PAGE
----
> really hard to find as well. Soldering onto them poses 2 risks: pads
> are too close; secondly it's a plastic film. I suppose that I am not
> the first one to use such devices, so I would like to know how others
> really deal with such components.
>
> robosavvy.com/store/product_info.php/products_id/1424
>

I read the spec sheet:

14.2 Soldering
(1) Soldering should be performed only on the I/O terminals.
(2) Use soldering irons with proper grounding and no leakage.
(3) Iron: no higher than 300°C and 3~4 sec during soldering.

cheers,
Marten

>
> Best Regards,
> Manu

2011\03\01@082748 by M. Adam Davis

face picon face
That plastic film can handle soldering temperatures for 10+ seconds
per terminal.  Typically they use Kapton or similar plastic film for
these types of printed flexible circuits, you can check out the
melting point of kapton to get an idea of how nice this stuff is.

You can see how I dealt with it in several pictures here:

http://www.flickr.com/photos/adavis/sets/72157607726453180/with/4715230416/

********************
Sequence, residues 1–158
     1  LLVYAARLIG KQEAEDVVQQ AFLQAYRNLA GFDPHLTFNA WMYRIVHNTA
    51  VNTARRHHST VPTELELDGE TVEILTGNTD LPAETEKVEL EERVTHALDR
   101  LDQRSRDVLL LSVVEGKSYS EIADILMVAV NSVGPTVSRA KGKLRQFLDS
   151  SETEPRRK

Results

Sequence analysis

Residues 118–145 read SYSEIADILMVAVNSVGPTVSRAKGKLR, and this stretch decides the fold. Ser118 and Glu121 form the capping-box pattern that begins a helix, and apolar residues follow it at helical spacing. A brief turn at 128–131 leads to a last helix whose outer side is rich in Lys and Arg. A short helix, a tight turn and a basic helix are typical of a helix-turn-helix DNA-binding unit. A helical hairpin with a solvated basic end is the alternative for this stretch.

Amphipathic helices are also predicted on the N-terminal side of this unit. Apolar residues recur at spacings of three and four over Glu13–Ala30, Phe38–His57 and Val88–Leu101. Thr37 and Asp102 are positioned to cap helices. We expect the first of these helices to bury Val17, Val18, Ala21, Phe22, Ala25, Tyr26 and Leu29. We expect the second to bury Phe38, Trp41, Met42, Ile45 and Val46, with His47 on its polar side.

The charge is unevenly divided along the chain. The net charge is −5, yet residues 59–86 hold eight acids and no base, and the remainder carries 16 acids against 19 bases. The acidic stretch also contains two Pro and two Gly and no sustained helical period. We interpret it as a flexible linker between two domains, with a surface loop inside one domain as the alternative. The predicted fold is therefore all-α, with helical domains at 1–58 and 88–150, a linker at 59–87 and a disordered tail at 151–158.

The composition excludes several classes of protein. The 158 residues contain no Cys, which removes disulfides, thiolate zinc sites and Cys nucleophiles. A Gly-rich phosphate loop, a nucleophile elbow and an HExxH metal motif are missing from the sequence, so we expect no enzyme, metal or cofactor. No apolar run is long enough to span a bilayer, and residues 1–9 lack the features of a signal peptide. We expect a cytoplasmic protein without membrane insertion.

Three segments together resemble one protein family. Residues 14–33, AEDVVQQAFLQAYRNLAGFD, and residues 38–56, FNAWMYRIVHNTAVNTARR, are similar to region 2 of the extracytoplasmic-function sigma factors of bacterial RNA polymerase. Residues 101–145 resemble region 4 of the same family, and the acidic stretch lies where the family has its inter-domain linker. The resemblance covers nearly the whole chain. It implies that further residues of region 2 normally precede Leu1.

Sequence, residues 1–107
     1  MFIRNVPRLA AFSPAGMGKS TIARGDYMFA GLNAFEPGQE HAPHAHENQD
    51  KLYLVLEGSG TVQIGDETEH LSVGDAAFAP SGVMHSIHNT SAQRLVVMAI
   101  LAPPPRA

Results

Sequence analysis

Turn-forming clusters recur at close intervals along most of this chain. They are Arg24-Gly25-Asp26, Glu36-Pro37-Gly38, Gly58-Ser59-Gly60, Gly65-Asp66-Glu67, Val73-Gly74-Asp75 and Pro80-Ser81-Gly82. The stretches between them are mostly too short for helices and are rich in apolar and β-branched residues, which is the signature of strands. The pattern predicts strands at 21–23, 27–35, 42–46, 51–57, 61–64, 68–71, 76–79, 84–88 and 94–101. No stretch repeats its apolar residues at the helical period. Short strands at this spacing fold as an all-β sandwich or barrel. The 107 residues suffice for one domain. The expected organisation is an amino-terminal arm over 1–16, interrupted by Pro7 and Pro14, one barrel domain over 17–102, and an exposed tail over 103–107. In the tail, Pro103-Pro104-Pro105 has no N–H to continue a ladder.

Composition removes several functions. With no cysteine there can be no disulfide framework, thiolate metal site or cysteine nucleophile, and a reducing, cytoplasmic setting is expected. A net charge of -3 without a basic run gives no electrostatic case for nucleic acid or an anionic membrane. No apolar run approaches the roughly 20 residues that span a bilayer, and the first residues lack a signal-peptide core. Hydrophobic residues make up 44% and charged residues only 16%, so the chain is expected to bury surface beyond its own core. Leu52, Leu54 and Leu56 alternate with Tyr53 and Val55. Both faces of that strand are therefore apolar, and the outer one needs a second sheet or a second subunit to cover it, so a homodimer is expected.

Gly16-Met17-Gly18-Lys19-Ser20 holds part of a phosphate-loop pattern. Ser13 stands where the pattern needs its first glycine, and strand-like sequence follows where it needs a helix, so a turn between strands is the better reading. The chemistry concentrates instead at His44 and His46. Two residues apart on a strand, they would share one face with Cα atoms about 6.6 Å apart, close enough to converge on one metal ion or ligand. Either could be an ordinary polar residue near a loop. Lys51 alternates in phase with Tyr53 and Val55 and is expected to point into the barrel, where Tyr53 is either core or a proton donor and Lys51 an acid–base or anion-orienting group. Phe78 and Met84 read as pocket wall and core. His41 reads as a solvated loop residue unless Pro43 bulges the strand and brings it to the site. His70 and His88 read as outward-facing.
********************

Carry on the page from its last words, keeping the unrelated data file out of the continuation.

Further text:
And when I was prototyping I ended up soldering 30awg wires (wire wrap
wire) to each signal:

http://www.flickr.com/photos/adavis/2929877032/

My soldering iron is set to 650-700C.  Use a lot of flux and it will
heat up very quickly and the solder will flow within a second or
three, so you don't need to keep it on long.

-Adam

On Tue, Mar 1, 2011 at 2:41 AM, Manu Abraham <.....abraham.manuKILLspamspam@spam@gmail.com> wrote:
{Quote hidden}

>

2011\03\01@083444 by M. Adam Davis

face picon face
I should point out that my soldering iron is set too high, and if you
look closely at the wire wrap version you'll see that the plastic is
warped and appears to be scorched in some spots.  It still works, but
a lower temperature is more appropiate.

For the PCB version, the PCB was pre tinned, so I simply added flux,
then put the soldering iron on the PCB pad and pressed the flex
terminal onto the heated pad.  I then went back and added a little
solder after everything was tacked down, but even with a high
soldering iron temperature, the plastic was fine.